Clark posted a tweet on February 28, where she explained that Bloodhound’s voice had been lowered a few “steps” in post-production for the game.
She went on to demonstrate how Bloodhound sounds in pre-production, and used her natural voice to shoot off a few of the character’s lines.
Since some people were curious about what Bloodhound sounds like sans post-processing! Iirc they knocked it down a half step or two, and I think that’s the pitch where I placed their voice. It’s hard to tell with the processing 😂😂 #apexlegends #bloodhound #honortheallfather pic.twitter.com/vqqGvOcGRn— Allegra Clark (@SimplyAllegra) February 28, 2019
“If I remember correctly, they knocked it down a half step or two, and I think that’s the pitch where I placed their voice,” Clark wrote of her performance. “It’s hard to tell with the processing.”
Clark went on to state that she’d used an ‘Old Norse’ accent for Bloodhound, and reiterated the fact that the character is non-binary when confusion arose as to Clark’s gender in playing the role.
Fans were awe-struck by Clark’s performance, with many applauding her skills in portraying the staple Legend.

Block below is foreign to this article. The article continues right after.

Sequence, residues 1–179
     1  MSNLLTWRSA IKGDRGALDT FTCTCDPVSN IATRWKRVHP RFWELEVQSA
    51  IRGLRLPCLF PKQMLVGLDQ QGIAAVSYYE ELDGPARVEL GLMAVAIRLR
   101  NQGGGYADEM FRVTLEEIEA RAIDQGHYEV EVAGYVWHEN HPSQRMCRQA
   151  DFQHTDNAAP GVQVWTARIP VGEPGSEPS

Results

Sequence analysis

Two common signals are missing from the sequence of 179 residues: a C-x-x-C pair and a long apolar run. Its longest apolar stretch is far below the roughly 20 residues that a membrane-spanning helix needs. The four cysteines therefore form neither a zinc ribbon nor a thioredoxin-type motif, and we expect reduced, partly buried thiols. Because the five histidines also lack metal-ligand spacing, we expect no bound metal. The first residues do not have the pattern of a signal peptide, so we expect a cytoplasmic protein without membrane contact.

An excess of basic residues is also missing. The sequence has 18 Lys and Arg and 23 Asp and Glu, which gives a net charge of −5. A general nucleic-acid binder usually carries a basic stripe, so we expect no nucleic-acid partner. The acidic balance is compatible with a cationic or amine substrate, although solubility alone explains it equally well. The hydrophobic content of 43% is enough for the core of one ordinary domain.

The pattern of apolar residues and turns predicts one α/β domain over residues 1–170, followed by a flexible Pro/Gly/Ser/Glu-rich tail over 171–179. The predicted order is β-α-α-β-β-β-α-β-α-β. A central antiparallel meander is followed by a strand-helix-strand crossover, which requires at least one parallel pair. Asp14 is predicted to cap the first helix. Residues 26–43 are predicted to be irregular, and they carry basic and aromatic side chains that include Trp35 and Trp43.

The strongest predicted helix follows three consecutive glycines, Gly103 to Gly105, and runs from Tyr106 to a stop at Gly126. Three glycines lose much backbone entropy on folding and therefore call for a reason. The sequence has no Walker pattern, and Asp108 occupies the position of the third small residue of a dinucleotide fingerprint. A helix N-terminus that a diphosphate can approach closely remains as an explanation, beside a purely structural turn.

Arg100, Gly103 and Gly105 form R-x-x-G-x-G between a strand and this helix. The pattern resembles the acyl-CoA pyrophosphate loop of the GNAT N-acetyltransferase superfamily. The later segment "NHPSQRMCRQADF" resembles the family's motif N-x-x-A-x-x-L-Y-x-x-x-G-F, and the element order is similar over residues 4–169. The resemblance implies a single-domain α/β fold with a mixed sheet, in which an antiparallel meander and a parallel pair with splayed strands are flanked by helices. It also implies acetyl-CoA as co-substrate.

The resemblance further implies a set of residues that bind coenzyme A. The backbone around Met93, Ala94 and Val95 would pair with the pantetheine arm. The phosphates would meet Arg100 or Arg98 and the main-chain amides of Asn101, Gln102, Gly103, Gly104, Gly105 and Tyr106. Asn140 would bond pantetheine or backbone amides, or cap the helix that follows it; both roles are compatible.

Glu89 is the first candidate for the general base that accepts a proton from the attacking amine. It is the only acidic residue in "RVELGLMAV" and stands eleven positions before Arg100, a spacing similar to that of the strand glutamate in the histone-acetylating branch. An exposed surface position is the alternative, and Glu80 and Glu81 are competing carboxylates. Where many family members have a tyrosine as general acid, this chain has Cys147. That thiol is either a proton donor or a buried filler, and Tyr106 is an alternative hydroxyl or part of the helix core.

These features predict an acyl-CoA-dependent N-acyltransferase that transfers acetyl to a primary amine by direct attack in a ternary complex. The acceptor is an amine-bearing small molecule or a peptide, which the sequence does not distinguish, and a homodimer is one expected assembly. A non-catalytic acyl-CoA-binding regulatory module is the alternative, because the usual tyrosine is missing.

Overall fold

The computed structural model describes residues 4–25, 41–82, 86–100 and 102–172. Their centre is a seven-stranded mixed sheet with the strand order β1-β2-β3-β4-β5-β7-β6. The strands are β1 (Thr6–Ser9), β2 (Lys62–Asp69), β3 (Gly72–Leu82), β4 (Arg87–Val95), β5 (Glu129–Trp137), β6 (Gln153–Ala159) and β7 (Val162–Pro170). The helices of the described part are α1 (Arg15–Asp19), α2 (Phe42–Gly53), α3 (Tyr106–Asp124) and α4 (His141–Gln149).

“If you could just read off a recipe for apple pie, as Bloodhound, my life would be made complete there,” one fan wrote in a humorous reply.
If you could just read off a recipe for Apple pie, as Bloodhound, my life would be made complete there.— Grabbit Killer Boomy 🇺🇸 (@BoomyNation) March 1, 2019
“I think you just earned the title of ‘Scottish Mom’ - or is ‘Norse Hunter’ better?” another responded.
Clark even encouraged players to main Bloodhound upon her announcement of the role in early February - the same day as the game’s release on February 4.
Apex Legends has since been met with critical acclaim, and even saw a whopping 10 million downloads just 72 hours after going live - later spreading to 25 million players in its second week.